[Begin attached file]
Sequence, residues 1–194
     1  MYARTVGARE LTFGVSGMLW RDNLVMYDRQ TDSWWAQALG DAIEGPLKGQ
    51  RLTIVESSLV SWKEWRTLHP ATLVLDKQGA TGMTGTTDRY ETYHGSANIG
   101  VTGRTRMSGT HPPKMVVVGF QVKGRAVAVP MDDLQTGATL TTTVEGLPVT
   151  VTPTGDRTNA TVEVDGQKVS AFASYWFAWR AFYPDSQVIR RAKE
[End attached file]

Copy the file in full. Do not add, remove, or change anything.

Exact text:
Sequence, residues 1–194
     1  MYARTVGARE LTFGVSGMLW RDNLVMYDRQ TDSWWAQALG DAIEGPLKGQ
    51  RLTIVESSLV SWKEWRTLHP ATLVLDKQGA TGMTGTTDRY ETYHGSANIG
   101  VTGRTRMSGT HPPKMVVVGF QVKGRAVAVP MDDLQTGATL TTTVEGLPVT
   151  VTPTGDRTNA TVEVDGQKVS AFASYWFAWR AFYPDSQVIR RAKE